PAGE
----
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Politics & Government

PBS CEO: Trump's budget threatens "very existence" of public television

Rural stations would be hurt the hardest, Kerger says

President Trump’s proposed budget threatens the “very existence” of public television, and would “result in tremendous loss for our country,” PBS CEO Paula Kerger told a Detroit Economic Club audience Friday.

Cutting all federal funds for public broadcasting would have devastating consequences, especially in underserved areas, Kerger said.

She pointed to evidence that PBS children’s programming yields long-lasting positive benefits, especially for kids who don’t attend preschool, and lack other educational resources at home.

“At a time when low-income and rural families risk falling behind, public media’s proven educational content is available in nearly every single home, whether you’re a single mother in Detroit, or a coal miner in West Virginia,” Kerger said.

Credit pbs.org
Paula Kerger, President & CEO of PBS

Those words deliberately echoed statements from President Trump’s budget chief, Mick Mulvaney, who recently said it’s unfair to ask “a coal miner in West Virginia or a single mom in Detroit” to pay for public television.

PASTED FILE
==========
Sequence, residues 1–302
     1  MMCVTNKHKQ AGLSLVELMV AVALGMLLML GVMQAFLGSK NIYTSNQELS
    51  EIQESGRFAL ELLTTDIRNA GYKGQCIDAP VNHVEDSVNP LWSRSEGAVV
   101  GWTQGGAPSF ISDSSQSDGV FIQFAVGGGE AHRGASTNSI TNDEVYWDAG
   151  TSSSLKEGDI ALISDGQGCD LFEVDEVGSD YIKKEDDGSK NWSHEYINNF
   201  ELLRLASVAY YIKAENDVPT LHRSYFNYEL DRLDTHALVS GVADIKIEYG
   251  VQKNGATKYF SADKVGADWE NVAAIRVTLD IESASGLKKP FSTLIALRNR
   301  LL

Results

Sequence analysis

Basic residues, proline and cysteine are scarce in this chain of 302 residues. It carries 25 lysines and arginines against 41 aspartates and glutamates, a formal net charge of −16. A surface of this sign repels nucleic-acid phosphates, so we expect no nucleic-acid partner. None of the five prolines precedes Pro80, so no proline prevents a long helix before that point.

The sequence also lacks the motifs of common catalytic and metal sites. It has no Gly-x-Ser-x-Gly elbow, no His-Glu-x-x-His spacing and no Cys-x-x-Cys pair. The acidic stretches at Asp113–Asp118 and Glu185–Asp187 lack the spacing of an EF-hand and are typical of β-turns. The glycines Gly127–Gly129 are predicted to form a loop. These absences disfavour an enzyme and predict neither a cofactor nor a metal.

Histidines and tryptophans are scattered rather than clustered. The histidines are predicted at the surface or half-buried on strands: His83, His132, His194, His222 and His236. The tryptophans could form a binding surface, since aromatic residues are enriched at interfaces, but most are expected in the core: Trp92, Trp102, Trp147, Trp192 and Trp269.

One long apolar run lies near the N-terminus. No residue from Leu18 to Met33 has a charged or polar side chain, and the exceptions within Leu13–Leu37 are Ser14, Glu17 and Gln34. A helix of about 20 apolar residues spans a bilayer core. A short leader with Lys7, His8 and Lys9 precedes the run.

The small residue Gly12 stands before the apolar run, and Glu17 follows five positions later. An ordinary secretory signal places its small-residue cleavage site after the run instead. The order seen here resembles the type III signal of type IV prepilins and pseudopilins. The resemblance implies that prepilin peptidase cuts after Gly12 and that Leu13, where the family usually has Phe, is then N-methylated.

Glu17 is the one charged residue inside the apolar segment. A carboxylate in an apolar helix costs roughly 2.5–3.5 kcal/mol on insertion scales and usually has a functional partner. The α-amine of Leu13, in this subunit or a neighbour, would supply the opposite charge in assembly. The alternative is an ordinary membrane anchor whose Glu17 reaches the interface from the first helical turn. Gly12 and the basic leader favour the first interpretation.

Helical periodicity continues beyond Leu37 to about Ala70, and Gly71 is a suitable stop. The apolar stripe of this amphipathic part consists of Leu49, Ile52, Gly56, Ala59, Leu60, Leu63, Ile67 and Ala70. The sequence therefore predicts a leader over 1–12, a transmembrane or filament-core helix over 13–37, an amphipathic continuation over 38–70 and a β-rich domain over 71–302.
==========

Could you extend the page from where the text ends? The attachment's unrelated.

Federal money for the Corporation for Public Broadcasting goes directly to PBS member stations. It accounts for 15% of stations’ revenue “in aggregate,” but that varies widely by region.

Smaller, rural stations are much more dependent on federal funds, and Kerger says there’s really no substitute for that.

If CPB funding really is zeroed out, “In terms of service in rural communities, I don’t have a plan B,” Kerger said. “For the stations that I’m talking about, I think the reality is they will go away.”

Kerger pointed out that public broadcasting remains popular across the political spectrum. And while she spent much of her time emphasizing the importance of PBS children’s programming, she said it’s broadly committed to providing “content that illuminates new perspectives, gives oxygen and airtime to complex issues, and encourages civil discourse at a time when it is so desperately needed.”

Beyond the financial uncertainties, Kerger admitted it’s also tough to predict where the larger media landscape is going. Noting how much it’s changed in just the past ten years, Kerger said we probably can’t imagine how it will look ten years down the road.

But when it comes to public broadcasting’s larger vision, “What is important is what stays the same,” Kerger said. “We will keep our core values intact.”

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